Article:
Hotel Interlaken Interlaken, Switzerland Opened: 1323 Originally a hospital, then a cloister, and eventually a tavern, the Hotel Interlaken was first chronicled as a guesthouse in 1323. It was renovated in 1491, at which point it received its own coat of arms (which can still be seen on the façade). Remnants of the original walls are also evident in the lobby, the bar, and the restaurant.
Hotel Stein Salzburg, Austria Opened: 1399 It may look like a fortress, but the Hotel Stein actually opened as a tavern and inn. In the 16th century, it briefly became famous for its home-brewed beer, and from 1945 to 1950, it was occupied by American troops. Reestablished as a hotel after the war, today it rocks a bit of a BDSM-vibe complete with zebra print, leather accents, and shiny silk sheets.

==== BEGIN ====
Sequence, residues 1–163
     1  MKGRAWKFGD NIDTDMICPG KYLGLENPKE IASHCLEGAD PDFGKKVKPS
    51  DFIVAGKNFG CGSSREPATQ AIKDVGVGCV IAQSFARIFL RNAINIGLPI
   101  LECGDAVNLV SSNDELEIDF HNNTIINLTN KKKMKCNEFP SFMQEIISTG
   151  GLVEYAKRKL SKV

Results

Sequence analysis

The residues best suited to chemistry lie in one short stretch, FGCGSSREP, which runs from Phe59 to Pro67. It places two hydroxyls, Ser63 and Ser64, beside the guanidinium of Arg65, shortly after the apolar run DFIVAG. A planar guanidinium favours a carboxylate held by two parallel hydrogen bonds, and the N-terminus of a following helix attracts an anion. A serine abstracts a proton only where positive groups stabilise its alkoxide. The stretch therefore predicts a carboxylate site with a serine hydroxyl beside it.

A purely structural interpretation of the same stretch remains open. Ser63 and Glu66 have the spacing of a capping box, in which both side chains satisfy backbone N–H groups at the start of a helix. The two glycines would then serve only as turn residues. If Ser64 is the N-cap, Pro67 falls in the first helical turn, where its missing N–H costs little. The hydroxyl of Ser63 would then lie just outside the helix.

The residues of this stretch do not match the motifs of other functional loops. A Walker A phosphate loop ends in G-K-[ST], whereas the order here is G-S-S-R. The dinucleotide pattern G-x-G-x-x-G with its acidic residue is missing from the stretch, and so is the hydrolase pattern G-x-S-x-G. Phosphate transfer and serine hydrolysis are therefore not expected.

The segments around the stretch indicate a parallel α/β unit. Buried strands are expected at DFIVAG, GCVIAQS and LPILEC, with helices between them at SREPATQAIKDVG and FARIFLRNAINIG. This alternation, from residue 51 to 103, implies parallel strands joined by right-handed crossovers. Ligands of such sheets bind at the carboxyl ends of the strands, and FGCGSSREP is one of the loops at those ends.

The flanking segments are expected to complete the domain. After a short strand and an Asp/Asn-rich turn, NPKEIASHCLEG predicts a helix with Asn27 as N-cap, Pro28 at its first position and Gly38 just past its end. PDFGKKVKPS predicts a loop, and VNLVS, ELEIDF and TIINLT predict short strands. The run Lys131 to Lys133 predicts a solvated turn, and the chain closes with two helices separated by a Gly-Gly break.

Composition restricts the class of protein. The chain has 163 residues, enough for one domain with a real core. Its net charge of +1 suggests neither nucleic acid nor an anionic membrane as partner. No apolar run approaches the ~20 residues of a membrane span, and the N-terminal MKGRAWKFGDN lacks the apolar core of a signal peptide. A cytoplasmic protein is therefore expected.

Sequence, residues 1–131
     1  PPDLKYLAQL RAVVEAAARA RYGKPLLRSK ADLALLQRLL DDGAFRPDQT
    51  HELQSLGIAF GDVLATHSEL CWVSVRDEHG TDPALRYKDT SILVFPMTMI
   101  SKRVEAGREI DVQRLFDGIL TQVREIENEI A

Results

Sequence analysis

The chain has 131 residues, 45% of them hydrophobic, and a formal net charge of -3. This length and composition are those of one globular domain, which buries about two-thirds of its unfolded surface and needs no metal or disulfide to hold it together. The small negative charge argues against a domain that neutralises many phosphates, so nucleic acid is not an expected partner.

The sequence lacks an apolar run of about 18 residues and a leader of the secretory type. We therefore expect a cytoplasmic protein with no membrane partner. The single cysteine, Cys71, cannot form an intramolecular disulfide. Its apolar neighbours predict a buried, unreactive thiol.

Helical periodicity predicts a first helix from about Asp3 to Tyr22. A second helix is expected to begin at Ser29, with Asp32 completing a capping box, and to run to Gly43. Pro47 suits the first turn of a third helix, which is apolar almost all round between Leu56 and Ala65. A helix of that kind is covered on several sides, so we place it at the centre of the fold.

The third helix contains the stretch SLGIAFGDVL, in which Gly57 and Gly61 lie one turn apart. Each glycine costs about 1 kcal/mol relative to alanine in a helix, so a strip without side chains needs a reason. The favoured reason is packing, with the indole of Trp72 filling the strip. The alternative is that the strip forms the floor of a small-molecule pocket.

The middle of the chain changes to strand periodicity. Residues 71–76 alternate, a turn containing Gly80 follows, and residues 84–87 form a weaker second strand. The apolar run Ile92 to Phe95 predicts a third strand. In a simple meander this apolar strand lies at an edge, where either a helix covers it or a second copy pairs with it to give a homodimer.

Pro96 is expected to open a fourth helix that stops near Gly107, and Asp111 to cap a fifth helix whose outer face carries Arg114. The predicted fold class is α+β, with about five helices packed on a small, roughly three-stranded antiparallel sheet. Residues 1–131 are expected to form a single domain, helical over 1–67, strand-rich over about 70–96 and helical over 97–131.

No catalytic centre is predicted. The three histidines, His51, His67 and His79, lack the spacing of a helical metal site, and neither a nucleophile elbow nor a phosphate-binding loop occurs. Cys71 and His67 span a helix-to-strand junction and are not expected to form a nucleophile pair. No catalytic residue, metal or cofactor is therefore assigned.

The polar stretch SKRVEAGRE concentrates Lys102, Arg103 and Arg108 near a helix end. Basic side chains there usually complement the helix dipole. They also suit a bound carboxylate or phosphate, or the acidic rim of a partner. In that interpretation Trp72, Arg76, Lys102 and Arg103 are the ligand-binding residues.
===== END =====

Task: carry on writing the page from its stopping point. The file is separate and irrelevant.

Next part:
The Old Bell Hotel and Restaurant Malmesbury, UK Opened: 1220 Though it claims to be England’s oldest hotel, we know that the other Old Bell actually takes the crown. That said, this spot still dates back to the early 13th century, and was built as a hostel for guests and dignitaries visiting the Malmesbury Abbey. At the time, the abbey was home to the second largest library in Europe, and one of the most important seats of learning in the country.
Solothurn, a small town not far from Lucerne, is hiring a replacement hermit. The last hermit left in the spring, complaining about all the visitors that dropped by. (The job description includes giving tours of the chapel and gorge adjacent to the hermitage.) | Via Travel + Leisure.